• From 2000 to 1000 B.C., Egypt dominates kingdom ofKush in Nubia

 

The People of Nubia

  • Live south of Egypt near division of Blue Nile and White Nile
  • Nile River is a great trade route for goods and ideas
  • Nubians link Egypt and Mediterranean to African interior through trade

 

The Interaction of Egypt and Nubia

  • Egyptian culture influences Nubia and beyond to southern Africa
  • About 1200 B.C., Nubia gains independence but keeps Egyptian culture

 

Piankhi Captures the Egyptian Throne

  • In 751 B.C., Kushite king Piankhi conquers Egypt, ousts Libyans
  • Assyrians overcome Kushites and take Egypt

 

The Golden Age of Meroë

 

Meroë

  • Kushites settle inMeroë; join in trade with Africa, Arabia, India

 

The Wealth of Kush

  • Meroë becomes important center for iron weapons and tools
  • Iron products transported to Red Sea, exchanged for luxury goods

 

The Decline of Meroë

  • Meroë thrives from about 250 B.C. to A.D. 150, then declines
  • Aksum, 400 miles southeast, dominates North African trade
  • Has port on Red Sea, defeats Meroë in A.D. 350

 

Section 2: The Assyrian Empire

Assyria develops a military machine and establishes a well-organized administration.

 

A Mighty Military Machine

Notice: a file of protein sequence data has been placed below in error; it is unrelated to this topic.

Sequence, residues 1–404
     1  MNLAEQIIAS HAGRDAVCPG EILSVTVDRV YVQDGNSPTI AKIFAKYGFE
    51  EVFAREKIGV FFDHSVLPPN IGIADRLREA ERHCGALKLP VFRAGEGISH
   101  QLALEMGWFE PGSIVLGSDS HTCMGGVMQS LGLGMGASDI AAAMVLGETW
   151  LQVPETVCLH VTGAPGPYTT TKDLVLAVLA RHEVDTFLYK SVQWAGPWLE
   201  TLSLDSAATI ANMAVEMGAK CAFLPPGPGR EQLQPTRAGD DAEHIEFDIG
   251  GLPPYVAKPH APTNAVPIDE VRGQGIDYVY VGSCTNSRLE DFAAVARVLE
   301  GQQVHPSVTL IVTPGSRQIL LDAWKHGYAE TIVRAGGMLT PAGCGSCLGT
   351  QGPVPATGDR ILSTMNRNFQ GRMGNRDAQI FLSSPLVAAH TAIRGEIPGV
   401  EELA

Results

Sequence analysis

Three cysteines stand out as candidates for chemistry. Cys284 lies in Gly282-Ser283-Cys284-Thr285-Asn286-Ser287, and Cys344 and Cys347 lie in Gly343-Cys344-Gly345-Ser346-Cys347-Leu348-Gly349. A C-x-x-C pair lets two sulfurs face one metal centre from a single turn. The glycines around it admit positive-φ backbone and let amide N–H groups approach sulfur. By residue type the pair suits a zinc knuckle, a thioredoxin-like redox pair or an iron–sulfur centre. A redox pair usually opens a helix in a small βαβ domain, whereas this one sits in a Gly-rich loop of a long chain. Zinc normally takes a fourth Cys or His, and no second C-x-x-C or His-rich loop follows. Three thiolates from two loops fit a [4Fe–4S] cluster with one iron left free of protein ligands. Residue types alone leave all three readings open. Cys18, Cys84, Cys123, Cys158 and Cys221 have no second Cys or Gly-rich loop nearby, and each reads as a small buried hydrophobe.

Assyria

  • Assyria uses military might to acquire empire across Southwest Asia

 

The Rise of a Warrior People

  • After invasions inMesopotamia, Assyrians develop warlike behavior
  • Assyrian king Sennacherib brutally destroys enemies

 

Military Organization and Conquest

  • Glorified armies wear metal armor, copper helmets, leather protection
  • Use iron weapons, engineering skill, and brute force to conquer cities
  • Kill, enslave, or banish captive peoples to distant lands

 

The Empire Expands

 

Kings of Assyria

  • Defeat Syria, Palestine, Babylonia between 850 and 650 B.C.

 

Assyrian Rule

  • Creates central authority over local governors of dependent regions
  • Collects taxes and tribute from conquered lands

 

Assyrian Culture

  • Rulers build great cities, including capital at Nineveh
  • Carved sculptures of military campaigns and the lion hunt
  • King Ashurbanipal builds library of 20,000 tablets;Epic of Gilgamesh

 

The Empire Crumbles